Synopses & Reviews
In photos, drawings and words, Sign Language pays homage to the lost art of urban outdoor sign painting. In a working environment both novel and ambitious, author John S. Paul found success, noting, "No other job gave me such a direct impact on the urban landscape, or such physical engagement. Painting signs over Broadway in 1984 was a rare look down from the elevated height of a heroic messenger." Few books have ever provided such an insider perspective into this unique livelihood of days past. In 40 photos and 30 poems and stories, the author creates an immersion into a rarefied world on danger and beauty, raising the sense of the importance of moments and blurring the boundary between public and private space.
and#147;The assortment of photos and drawings . . . illuminated the text and gave deeper meaning. Rarely have I seen a collection of poetry that created such a cohesive end product.and#8221;
and#151;Randy-Lynne Wach, San Francisco Book Review
"Sign Languageand#160;is the work of a singularly interesting and engaged mind: No one sees the world as John S. Paul sees it. The distinctiveness of his vision is viscerally evident in his words and his images, where beauty and grittiness, anxiety and repose, all mix and merge to create something altogether new. This honest, stunning book will make you see the world differently, too." and#151;Rosie Schaap, author ofand#160;Drinking With Men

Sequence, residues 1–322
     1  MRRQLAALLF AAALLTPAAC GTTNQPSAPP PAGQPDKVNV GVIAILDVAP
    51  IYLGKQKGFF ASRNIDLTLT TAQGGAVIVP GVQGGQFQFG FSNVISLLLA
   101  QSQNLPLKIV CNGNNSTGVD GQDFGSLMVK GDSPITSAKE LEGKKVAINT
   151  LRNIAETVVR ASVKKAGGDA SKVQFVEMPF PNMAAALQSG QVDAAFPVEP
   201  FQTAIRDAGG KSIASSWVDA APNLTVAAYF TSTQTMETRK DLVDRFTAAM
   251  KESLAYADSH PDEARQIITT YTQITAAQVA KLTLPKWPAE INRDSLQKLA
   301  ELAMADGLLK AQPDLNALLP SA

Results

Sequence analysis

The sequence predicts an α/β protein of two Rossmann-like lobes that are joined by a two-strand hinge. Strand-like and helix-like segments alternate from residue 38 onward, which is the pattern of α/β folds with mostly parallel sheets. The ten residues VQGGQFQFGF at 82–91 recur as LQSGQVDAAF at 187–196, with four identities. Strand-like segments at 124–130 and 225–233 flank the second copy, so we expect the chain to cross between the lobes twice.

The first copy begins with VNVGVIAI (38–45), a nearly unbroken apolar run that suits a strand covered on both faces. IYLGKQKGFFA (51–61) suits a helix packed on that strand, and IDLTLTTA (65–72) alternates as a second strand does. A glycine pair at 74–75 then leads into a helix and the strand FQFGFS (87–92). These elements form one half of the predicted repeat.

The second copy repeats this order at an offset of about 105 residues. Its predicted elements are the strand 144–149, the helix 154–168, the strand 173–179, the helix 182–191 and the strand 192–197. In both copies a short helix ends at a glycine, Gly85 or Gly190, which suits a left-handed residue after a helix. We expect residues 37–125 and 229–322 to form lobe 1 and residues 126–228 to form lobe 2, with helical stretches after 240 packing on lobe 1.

"Paul has managed a high wire act, both exploring and documenting his existence with grace and poetry, and, like a good tightrope walker, has done it without a net." - Bradley Rubenstein, Culture Catch
"The mark of creation is its flow. I see in the work of John Pauland#160;the perception that is this flow.and#160;To flying over the work with the aplomb of such perception and#150; which is what creation is all about!"and#160;and#151;Knox Martin, artist
"it is a vivid portrayal of a trade and city, of the distance between working and careering, and the eternal desire to finish painting before sunset." and#151;Steve Powers, artist
"John Paul answers the question Is there life on Mars? by serving us Breakfast on Mars, only Mars turns out to be someplace very down-to-earth. Thankfully we are invited to share his perceptions: "we spy the weather / with foxy eyes.and#8221; We are whoever he is, high above the storied metropolis, which he sees as painter, photographer, and poet." --Victor Katz, author of The Complete Elegies Of Sextus Propertius; editor of VANITAS
About the Author
John S. Paul
came to New York City in 1972 from Chicago, and is still Midwestern at heart. He studied at Washington University, St. Louis, where emphasis was placed on craft, grounded in the canons of German expressionism and the Bauhaus. He went on to Yale for an MFA, where modernism was key. Later, in San Francisco, he attached himself to a drawing group with Elmer Bischoff, Joan Brown, and George Lloyd, where he focused on mural sized landscapes of California scenery.
Relocating to New York, he turned to portrait and simple genre painting: still life, interior, bathed in the beautiful New York light that Matisse spoke about. He associated with fellow downtown artists Fairfield Porter, Alex Katz, and Larry Rivers, and shared a loft with Ilya Bolotowsky. In the eighties John Paul worked in the novelty world of outdoor advertising, billboards and wall signs. This job exposed him to a different, sharper and more practical kind of talent and craft and took his eye to crazy heights, gothic viewpoints of skewed angles and verticality. And danger. These "danger" moments sharpened his eye as the observer, and trained him to be on the lookout for beauty. Today, he devotes himself full time to art and writing. He lives in Brooklyn, NY.